The case before the U.S. Supreme Court is West Virginia vs. Environmental Protection Agency (EPA).The primary plaintiff of the case is West Virginia Attorney General Patrick Morrisey; he is joined by attorney generals from Alabama, Alaska, Arkansas, Georgia, Indiana, Kansas, Louisiana, Missouri, Montana, Nebraska, Ohio, Oklahoma, South Carolina, South Dakota, Texas, Utah, and Wyoming. Morrissey’s office is also representing the interests of two coal companies in the case. The EPA, backed by the administration of President Joe Biden, is being represented by the U.S. Solicitor General. ... In a 2007 Supreme Court case, the Justices ruled 5-4 in Massachusetts vs. EPA that the agency has to limit greenhouse gases under the Clean Air Act if they’re a threat to public health. In a 2009 endangerment finding, the EPA determined carbon dioxide was indeed a threat to public health. Based on that Supreme Court ruling, the Trump administration couldn’t simply kill the CPP; it needed to have a plausible replacement to it.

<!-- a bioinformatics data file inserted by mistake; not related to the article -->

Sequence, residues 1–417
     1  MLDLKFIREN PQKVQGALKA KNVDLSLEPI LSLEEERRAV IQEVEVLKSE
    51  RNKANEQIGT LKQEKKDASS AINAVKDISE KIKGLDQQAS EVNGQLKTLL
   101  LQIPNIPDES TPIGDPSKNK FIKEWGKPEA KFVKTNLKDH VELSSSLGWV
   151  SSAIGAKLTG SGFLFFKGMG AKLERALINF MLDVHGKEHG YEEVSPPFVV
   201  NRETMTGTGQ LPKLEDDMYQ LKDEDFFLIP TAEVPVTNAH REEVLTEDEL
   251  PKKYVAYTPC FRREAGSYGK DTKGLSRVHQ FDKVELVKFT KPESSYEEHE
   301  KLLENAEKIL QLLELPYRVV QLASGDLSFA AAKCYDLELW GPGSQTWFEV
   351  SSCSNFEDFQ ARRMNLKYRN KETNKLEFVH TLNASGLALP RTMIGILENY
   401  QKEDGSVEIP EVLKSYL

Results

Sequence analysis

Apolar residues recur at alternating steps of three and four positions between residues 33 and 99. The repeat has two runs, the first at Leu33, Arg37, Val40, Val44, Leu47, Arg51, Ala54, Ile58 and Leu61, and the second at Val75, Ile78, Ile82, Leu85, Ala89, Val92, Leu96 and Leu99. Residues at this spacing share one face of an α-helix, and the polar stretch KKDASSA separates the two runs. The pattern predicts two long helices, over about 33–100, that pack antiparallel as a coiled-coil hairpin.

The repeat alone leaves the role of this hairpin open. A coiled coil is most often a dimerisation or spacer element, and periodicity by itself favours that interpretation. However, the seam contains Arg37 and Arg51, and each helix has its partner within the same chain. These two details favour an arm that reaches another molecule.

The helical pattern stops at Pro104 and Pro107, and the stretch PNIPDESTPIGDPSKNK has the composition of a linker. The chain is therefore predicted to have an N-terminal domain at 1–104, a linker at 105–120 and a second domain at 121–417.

The plaintiffs argue that decisions around emissions should be at the hands of elected officials and not the EPA. ... What the court decides will have huge implications for the scope of federal administrative power and climate change policy.
Steve Milloy of JunkScience.com: "'The 19 direct air capture plants in operation around the world are capturing only 10,000 tonnes of CO2 a year at present, compared with the 36 billion tonnes emitted annually.' What a joke... and human emissions are more like 66 billion tons per year."
Steve Milloy: Today’s elevation is not all that different from the low points of 1956 and 1965 (about 1,090 feet, shown in first graph), especially when you consider the increases in water use and human management of reservoir levels over time. No doubt that drought is affecting Lake Mead. But Western drought is natural (the region is a desert, after all), and Lake Mead was comparably low more than 100 ppm CO2 ago.
Bill Gates, Sir Richard Branson, Hollywood actors, venture capitalists — they’re all pushing lab-grown meat as the solution to world hunger and environmental sustainability, but scientists last week told a panel of experts they have serious concerns about the product’s safety.